This incisive and often savagely funny documentary chronicles the black comedy of errors that transpired when a remote Finnish island was selected as the site of the first new nuclear power plant in the West following the Chernobyl disaster.
Return of the Atom
Mika Taanila, Jussi Eerola
Filmed over the course of more than a decade, this vital new documentary by Mika Taanila and Jussi Eerola examines the now-notorious construction of a nuclear power plant on the remote Finnish island of Olkiluoto — the first nuclear facility to be approved for construction in a Western country following the Chernobyl tragedy in 1986. Announced with triumphant fanfare when the project began in 2004, the plant was supposed to signal the re-emergence of fusion-based plants in Europe, usher in a new, eco-friendly age of nuclear power, and serve as a glorious example of the benefits of public-private partnerships. To put it plainly, things have not exactly worked out that way.
With penetrating insight and savage humour, Return of the Atom mercilessly dissects the chicanery, arrogance, and blithe disregard for the public good in evidence at every step of the plant's construction. Early on, an emissary from Areva, the French firm hired as the main contractor, smugly (and condescendingly) asserts that the Finns may not be used to huge projects like this, but the French are — a claim that becomes ever more bitterly funny in hindsight, as the projected five-year construction period lengthens interminably due to oversights, rank mismanagement, and plain ignorance. As costs skyrocket and the once-happy partners in capitalist bliss start pointing fingers at each other, what had seemed at times to be a Simpsons farce in real life becomes an even darker picture of human folly.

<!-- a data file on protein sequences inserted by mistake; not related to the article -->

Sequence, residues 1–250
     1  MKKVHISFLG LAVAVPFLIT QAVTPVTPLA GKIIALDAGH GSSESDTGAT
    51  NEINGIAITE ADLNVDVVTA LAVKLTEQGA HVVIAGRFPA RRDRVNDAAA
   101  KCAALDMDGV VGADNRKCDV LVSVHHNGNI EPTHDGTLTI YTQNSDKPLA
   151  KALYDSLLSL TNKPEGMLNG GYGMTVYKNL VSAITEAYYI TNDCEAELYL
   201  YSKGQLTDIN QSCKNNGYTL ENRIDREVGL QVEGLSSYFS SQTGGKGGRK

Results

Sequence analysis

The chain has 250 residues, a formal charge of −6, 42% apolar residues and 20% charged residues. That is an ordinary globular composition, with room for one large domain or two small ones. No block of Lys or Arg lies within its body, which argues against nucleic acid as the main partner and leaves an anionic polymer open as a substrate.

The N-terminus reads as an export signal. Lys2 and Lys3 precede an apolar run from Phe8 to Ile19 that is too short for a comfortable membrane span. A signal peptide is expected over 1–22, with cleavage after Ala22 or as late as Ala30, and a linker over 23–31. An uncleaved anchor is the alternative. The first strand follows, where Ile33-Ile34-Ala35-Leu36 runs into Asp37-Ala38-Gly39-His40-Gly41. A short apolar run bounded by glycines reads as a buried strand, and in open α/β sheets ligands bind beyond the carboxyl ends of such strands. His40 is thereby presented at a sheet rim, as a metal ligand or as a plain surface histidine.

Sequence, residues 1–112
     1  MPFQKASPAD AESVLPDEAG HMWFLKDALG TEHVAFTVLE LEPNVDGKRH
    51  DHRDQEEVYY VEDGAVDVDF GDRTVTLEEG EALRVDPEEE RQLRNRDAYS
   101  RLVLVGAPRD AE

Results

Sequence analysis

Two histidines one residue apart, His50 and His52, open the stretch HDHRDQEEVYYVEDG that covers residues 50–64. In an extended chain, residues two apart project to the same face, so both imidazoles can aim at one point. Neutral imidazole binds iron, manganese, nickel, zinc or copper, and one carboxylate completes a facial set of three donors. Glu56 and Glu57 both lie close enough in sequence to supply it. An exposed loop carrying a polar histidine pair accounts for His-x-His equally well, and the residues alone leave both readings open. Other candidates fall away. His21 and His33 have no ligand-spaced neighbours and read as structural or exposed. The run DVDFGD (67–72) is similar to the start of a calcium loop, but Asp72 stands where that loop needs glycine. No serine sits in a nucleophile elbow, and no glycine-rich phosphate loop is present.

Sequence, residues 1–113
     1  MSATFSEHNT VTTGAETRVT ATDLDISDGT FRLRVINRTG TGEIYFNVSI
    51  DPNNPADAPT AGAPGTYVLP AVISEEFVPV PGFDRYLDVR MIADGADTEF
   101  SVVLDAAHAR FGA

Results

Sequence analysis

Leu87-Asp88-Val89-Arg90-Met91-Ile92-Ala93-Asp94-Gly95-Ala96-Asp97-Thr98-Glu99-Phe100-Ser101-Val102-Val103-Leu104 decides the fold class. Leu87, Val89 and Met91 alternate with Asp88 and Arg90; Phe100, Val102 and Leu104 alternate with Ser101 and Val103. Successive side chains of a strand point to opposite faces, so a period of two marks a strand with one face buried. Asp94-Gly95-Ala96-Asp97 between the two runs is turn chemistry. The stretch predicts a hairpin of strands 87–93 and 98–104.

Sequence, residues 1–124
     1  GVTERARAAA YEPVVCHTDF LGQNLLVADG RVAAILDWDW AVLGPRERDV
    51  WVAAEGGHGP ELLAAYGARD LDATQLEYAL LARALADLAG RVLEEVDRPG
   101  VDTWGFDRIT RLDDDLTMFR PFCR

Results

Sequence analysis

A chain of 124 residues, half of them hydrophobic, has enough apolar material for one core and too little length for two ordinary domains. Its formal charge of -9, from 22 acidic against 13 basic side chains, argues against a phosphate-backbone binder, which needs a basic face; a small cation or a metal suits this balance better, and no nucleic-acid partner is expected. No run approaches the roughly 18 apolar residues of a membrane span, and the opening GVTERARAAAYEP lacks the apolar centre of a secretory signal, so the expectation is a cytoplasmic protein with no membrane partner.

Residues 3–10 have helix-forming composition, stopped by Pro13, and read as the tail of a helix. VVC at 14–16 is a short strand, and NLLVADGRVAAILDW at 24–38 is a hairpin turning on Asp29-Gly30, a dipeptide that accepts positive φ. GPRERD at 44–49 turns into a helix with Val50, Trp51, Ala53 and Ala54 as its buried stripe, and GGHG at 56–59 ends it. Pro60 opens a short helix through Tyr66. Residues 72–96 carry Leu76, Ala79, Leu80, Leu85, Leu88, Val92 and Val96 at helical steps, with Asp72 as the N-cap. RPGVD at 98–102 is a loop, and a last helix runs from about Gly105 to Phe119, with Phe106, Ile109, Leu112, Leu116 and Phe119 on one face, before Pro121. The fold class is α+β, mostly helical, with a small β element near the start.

Equal parts disturbing and blackly (or bleakly) comic, Return of the Atom is an essential dispatch on life in our neoliberal dystopia, and an often hilarious undermining of the blinkered assumptions and outright lies that make it possible.